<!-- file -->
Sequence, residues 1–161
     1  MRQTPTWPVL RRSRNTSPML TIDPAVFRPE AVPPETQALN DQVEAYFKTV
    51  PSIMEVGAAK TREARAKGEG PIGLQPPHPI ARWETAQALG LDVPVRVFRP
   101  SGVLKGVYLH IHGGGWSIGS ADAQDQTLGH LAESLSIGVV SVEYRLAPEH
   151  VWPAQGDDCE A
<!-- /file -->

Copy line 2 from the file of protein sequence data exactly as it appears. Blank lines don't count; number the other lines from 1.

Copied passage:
     1  MRQTPTWPVL RRSRNTSPML TIDPAVFRPE AVPPETQALN DQVEAYFKTV